Low-income Illinoisans have the third-highest state and local tax burden in the nation, according to a new study by the Institute on Taxation and Economic Policy (ITEP) and the Fiscal Policy Center at Voices for Illinois Children.
The study, which examined the distribution of all major state and local taxes by income group in all 50 states and the District of Columbia, showed that the poorest Illinois residents currently pay almost three times more in taxes as a percent of their income compared to the richest Illinoisans.
Illinois' effective tax rates by income group are 13.2 percent for those in the bottom 20 percent of the income scale, 10.8 percent for the middle 20 percent and 4.6 percent for the top 1 percent, according to the study.
Aldermanic candidates for the 46th Ward, including incumbent Ald. James Cappleman, debated Thursday night in the Uptown neighborhood and discussed their platforms for the Feb. 24 municipal election.
Those challenging Cappleman, who was first elected alderman of the North Side ward in 2011, include attorney Amy Crawford and Denice Davis, former chief of staff to Ald. Helen Shiller, who served as alderman of the 46th Ward from 1987 to 2001.
The forum, which was hosted by the Buena Park Neighbors Association, saw attendance from nearly 100 people at the Hollywood Club. The ward includes portions of the Uptown, Buena Park and Lake View neighborhoods.
As the Democrat-controlled Illinois legislature and Republican Gov. Bruce Rauner gear up to tackle the state's fiscal problems, including a multi-billion budget deficit, mental health advocates are warning against further cuts to community-based services.
"Community mental health services have been cut to the core, and we're seeing a lot of the fallout," said Heather O'Donnell, vice president of public policy and advocacy for Chicago-based Thresholds, a recovery service provider for people with mental illness in Illinois.
Among other issues, O'Donnell noted that the Cook County Jail has about 2,000 inmates with some form of mental illness. And 22,000 people with mental illness in the state are living in nursing homes even though they "don't need that level of care." These people, she explained, would likely be homeless if they were not living in such facilities due to the lack of housing and other supports for them to live independently.
"We just need to make sure that we preserve every dollar, because we don't have anything else in the community mental health system that we can cut without costing the state far more than the cuts," O'Donnell stressed.
Residents of Mission Hills Country Club Village in unincorporated Northbrook want Cook County commissioners to delay a vote on a new housing development proposed for their community.
Northbrook-based Red Seal Development wants to build a 137-unit housing development that includes town homes, duplexes and single-family homes on about 44 acres of land at Mission Hills, a complex that currently features 781 condominiums and town homes as well as a separately-owned, 18-hole golf course.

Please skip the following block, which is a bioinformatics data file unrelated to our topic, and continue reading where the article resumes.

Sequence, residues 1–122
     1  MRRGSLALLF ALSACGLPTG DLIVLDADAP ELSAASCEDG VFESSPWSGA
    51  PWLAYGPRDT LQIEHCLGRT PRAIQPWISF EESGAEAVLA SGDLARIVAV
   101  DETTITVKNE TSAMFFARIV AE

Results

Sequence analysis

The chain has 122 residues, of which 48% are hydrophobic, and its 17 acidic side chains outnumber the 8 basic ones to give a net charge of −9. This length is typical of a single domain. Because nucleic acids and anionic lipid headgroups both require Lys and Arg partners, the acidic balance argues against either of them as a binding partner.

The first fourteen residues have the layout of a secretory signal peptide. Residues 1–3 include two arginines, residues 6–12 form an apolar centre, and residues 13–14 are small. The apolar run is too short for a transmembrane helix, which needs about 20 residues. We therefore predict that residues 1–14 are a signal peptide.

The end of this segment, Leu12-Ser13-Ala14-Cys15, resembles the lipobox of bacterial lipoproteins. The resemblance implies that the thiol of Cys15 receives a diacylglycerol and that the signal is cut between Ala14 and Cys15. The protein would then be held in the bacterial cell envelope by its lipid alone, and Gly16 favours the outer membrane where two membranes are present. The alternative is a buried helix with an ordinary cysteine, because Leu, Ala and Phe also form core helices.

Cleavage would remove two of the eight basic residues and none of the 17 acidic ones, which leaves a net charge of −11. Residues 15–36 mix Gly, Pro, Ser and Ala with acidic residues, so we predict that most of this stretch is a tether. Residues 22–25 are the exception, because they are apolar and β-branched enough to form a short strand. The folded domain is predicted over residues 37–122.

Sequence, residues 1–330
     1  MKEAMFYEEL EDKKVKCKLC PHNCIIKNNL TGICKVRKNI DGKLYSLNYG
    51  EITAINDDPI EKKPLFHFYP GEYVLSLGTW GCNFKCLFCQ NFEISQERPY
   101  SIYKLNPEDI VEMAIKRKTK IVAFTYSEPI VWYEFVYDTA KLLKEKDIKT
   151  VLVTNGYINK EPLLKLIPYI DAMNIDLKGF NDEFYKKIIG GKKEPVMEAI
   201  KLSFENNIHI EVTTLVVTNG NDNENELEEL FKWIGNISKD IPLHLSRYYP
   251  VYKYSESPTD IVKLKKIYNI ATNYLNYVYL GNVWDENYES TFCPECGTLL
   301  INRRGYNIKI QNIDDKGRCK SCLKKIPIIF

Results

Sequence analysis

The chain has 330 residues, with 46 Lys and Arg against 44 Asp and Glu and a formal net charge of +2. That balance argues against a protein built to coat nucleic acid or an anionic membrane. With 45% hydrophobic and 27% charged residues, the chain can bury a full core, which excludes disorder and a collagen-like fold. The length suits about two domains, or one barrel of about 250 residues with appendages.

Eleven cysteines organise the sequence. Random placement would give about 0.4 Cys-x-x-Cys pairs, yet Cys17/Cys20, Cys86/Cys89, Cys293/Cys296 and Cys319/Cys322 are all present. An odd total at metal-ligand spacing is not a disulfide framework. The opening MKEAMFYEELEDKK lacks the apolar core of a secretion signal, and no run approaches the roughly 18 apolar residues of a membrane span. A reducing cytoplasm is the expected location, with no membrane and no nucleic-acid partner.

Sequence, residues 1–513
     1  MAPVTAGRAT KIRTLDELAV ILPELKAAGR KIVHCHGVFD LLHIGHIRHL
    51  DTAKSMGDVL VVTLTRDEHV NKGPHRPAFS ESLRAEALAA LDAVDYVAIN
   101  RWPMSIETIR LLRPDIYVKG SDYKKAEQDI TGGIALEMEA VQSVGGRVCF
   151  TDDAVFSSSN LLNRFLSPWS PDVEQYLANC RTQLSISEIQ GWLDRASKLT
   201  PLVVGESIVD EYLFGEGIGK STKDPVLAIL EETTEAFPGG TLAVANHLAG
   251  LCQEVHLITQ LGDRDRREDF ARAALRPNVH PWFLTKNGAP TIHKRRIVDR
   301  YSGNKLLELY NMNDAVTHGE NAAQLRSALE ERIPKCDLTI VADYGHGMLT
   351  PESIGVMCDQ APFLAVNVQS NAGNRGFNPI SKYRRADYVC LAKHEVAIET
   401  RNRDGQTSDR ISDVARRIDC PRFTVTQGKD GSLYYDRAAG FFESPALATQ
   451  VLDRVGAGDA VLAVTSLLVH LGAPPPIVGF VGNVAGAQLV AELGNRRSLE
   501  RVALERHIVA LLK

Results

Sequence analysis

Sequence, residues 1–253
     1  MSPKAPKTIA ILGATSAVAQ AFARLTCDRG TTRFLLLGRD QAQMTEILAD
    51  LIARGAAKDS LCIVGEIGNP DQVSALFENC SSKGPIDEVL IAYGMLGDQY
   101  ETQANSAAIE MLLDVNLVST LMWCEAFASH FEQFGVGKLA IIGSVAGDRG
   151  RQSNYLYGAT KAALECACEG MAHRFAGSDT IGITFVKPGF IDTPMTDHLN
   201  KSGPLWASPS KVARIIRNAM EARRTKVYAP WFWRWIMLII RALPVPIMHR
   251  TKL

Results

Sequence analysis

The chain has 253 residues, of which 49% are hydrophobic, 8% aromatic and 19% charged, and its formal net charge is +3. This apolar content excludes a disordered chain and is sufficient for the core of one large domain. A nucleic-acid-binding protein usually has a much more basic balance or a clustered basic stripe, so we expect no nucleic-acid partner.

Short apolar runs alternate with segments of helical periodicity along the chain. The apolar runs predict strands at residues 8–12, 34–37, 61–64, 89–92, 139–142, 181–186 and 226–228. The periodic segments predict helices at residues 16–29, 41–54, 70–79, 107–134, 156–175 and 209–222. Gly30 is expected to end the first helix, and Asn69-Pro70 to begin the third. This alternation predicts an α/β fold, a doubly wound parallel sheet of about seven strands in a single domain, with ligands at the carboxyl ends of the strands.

Red Seal is seeking approval from the Cook County Board for zoning changes that would pave the way for the project, which would involve building on half of the existing golf course.
The Cook County Zoning Board of Appeals (ZBA) voted unanimously to advance Red Seal's proposal back in December. As a result, the Cook County Board's Zoning and Building Committee is slated to consider the project at its meeting on Wednesday morning. If the committee approves the project, it could go before the full Cook County Board for consideration later in the day.
Mission Hills Openlands, a group of residents leading the effort against the proposed development, claims the project would threaten the environment and property values in the community and lead to more flooding problems, among other concerns.
"What they're doing is an environmental travesty," stressed Mission Hills Openlands founder Karen Jump. "They would be clear cutting about 500 trees and taking 44 acres of open lands and putting it under asphalt and concrete. And we're in a very short distance to the Des Plaines River, and there's flooding all around us."
U.S. Sen. Dick Durbin (D-IL) and U.S. Rep. Luis Gutierrez (D-IL,4) decried legislation passed in the GOP-led House this week that would block President Barack Obama's recent executive actions on immigration and end the Deferred Action for Childhood Arrivals (DACA) program.
Speaking at a Friday morning press conference in Chicago, the two lawmakers also shamed Republicans for "instilling fear" in people who are getting ready to apply for administrative relief under the president's immigration orders signed in November.
On Wednesday, the Republican-controlled House approved a Department of Homeland Security (DHS) funding bill including amendments that would reverse Obama's immigration plan and defund the DACA program, which grants a two-year protection against deportation for immigrants who came to the United States as young children.
"On the floor of the United States House of Representatives, they passed what I would consider to be one of the most hateful measures in modern congressional history," Durbin said at Erie Neighborhood House, 1347 W. Erie St. "What they said was this: If you are a person who benefits from DACA ... you will not be able to renew your DACA status. Nor if you didn't apply in the past can you file for the first time for DACA. Well how many people will be affected by that Republican amendment? We estimate 2 million young people in America eligible to sign up for DACA. Six-hundred thousand have already signed up for DACA, 30,000 in the state of Illinois."
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